Does convergence in H1 imply pointwise convergence?

I'm trying to figure out if convergence in $H^1(a,b)$ implies pointwise convergence (by the way: what is the usual name of this space?). It is defined to be Hilbert space of absolutely continuous functions on some (possibly infinite) interval such that both function and its (weak) derivative are square integrable. Scalar product in this space is $(f,g)_{H^1}=(f,g)_{L^2}+(f',g')_{L^2}$. I found out thar if we know that $f_n$ converges to $f$ in $H^1$ and for some $c \in (a,b)$ limit of sequence of numbers $f_n(c)$ exists then $f_n$ converges pointwise (I post the proof below).

Edit: I add the proof of claim given above. Suppose $f_n(c) \to g$ and $f_n \to f$ in $H^1$. We have

$f_n(x)=f_n(c)+\int _c ^xf'_n(t)dt \to g + \int _c ^xf'(t) dt$

$f_n$ has sequence converging a.e. to $f$. By uniqueness of limits and continuity of $f$ it is easy to see that $g=f(c)$ so $f_n(x) \to f(x)$. This argument also shows that even without assumption of convergence in one point $f_n$ must have subsequence convergent pointwise everywhere.

By the way it would be odd to me if sequence converging in $L^2$ existed that doesn't converge pointwise in any point. Can anyone give example?

One can complete your argument using the "subsequence principle". I.e. in a topological space, we have $x_n \to x$ iff every subsequence $(x_{n_k})_k$ has a further subsequence $(x_{n_{k_\ell}})_\ell$ with $x_{n_{k_\ell}} \to x$. Note though, that this only holds if the limit $x$ is fixed beforehand.

Fix some $x_0 \in (a,b)$. There are now two cases:

1. $(|f_n (x_0)|)_n$ is an unbounded sequence. By choosing a subsequence, we can assume $|f_n (x_0)| \to \infty$ as $n \to \infty$. Using your argument, the "reverse triangle inequality", and the Cauchy-Schwarz inequality, we get \begin{eqnarray*} |f_n (x)| &=& |f_n (x_0) + \int_{x_0}^x f_n ' (t) \ dt| \geq |f_n (x_0)| - \int_a^b |f_n '(t)| \, dt \\ &\geq &|f_n(x_0)| - \sqrt{b-a} \cdot \sqrt{\int_a^b |f_n'(t)|^2 \, dt}\\ & \geq & |f_n (x_0)| - C \end{eqnarray*} and hence (choosing $n$ so large that $|f_n(x_0)| \geq C$): $$\int |f_n (x)|^2 \, dx \geq \int (|f_n(x_0)| - C)^2 \, dx = (b-a) \cdot (|f_n(x_0)| - C)^2 \to \infty,$$ a contradiction.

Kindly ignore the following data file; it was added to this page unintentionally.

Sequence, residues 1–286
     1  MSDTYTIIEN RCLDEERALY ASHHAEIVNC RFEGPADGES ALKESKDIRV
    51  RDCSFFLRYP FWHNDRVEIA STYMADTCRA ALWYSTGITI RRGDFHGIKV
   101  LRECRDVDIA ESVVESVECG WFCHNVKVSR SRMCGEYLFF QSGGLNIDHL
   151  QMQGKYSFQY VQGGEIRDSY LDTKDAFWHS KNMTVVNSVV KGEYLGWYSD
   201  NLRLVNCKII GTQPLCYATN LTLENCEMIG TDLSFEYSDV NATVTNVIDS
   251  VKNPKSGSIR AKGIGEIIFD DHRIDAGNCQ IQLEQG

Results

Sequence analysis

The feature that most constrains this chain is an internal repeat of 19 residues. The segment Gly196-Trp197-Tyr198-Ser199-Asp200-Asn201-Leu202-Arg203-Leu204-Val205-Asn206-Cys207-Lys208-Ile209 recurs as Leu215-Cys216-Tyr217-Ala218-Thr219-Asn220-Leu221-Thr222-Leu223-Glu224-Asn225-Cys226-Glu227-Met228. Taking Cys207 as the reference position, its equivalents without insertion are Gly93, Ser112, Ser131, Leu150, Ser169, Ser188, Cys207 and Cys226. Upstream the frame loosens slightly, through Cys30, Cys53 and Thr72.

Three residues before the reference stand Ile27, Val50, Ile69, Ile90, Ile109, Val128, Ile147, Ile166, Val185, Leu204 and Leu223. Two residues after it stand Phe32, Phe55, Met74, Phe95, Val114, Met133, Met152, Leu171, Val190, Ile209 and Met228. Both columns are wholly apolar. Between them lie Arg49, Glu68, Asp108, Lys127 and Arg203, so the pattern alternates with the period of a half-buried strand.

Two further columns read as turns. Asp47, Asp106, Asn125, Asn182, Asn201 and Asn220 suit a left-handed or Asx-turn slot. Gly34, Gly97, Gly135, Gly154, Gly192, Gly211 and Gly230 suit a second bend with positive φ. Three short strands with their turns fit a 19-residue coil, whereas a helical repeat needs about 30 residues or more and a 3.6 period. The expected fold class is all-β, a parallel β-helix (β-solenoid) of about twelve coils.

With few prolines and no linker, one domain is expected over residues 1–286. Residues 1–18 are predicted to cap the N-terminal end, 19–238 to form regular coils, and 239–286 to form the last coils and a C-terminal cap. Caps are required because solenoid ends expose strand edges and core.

2. The sequence $(f_n(x_0))_n$ is bounded. Assume that $f_n (x) \to f(x)$ does not hold for all $x$. Let $y$ be a point where this convergence does not hold. Then there is $\varepsilon > 0$ and a subsequence $(g_k)_k = (f_{n_k})_k$ of $(f_n)_n$ with $|g_k (y) - f(y)| \geq \varepsilon$ for all $k$.

Since $(g_k (x_0))_k$ is bounded, we can choose a subsequence $(g_{k_\ell})_\ell$, so that $g_{k_\ell} (x_0)$ converges to some $g \in \Bbb{R}$. As you noted, this implies $g_{k_\ell}(x) \to f(x)$ for all $x$. In particular, $g_{k_\ell} (y) \to f(y)$, which contradicts $|g_k (y) - f(y)| \geq \varepsilon$ for all $k$. This contradiction shows that $f_n (x) \to f(x)$ for all $x$ must hold.

Regaring the counterexample for $L^2$ convergence, consider the sequence

$$\chi_{[0,1]}, \chi_{[0,1/2]}, \chi_{[1/2, 1]}, \chi_{[0,1/3]}, \chi_{[1/3, 2/3]}, \chi_{[2/3, 1]}, \dots.$$ It is not hard to see that $f_n(x)$ accumulates at $0$ and at $1$ at every $x$, so that $f_n(x)$ converges for no $x$, but still $\Vert f_n \Vert_2 \to 0$.

EDIT: Once one has pointwise convergence, it is not hard to see that the identity $f_n (x) = f_n (x_0) + \int_{x_0}^x f_n '(t) \, dt$ even implies uniform convergence.

• Thank you for great answer. Analysing it led me to great simplification of proof: I already mentioned that every sequence converging in H^1 has subsequence converging pointwise to its H1 limit everywhere. Therefore every subsequence of such sequence also has subsequence with this property. Pointwise convergence follows. It is interesting to note that both this and uniform convergence also hold for infinite intervals so H1(R) has topology quite stronger than one might think at first sight. – Blazej Jul 9 '15 at 15:33
• @Blazej: oh yes, this simplifies the argument quite a bit. Note though that the convergence is pointwise but not uniform on unbounded intervals (I think). At least the proof breaks down, because you can not estimate $\int |f'|dx$ by $\sqrt{\int |f'|^2}$. – PhoemueX Jul 9 '15 at 17:50
• Yes you are right, it breaks down. I've made a simple mistake in my calculations, thanks for pointing it out. – Blazej Jul 9 '15 at 22:28

The space $H^1$ is a short notation for $W^{1,2}$ which is one of Sobolev spaces. (Not very good notation in general since it can be mixed up with the Hardy space which is something completely different, so I prefer to use $W^{1,2}$.)

The result you are asking for follows easily from the Morrey's inequality. It tells us, in particular, that for $n=k=1$ and $p=2$ the space $W^{1,2}(a,b)$ can be continuously embedded into the Hölder space $C^{0,1/2}(a,b)$, i.e. the original convergence implies the convergence in the $1/2$-Hölder norm, which is (by the norm definition in $C^{0,1/2}$) stronger than the uniform convergence.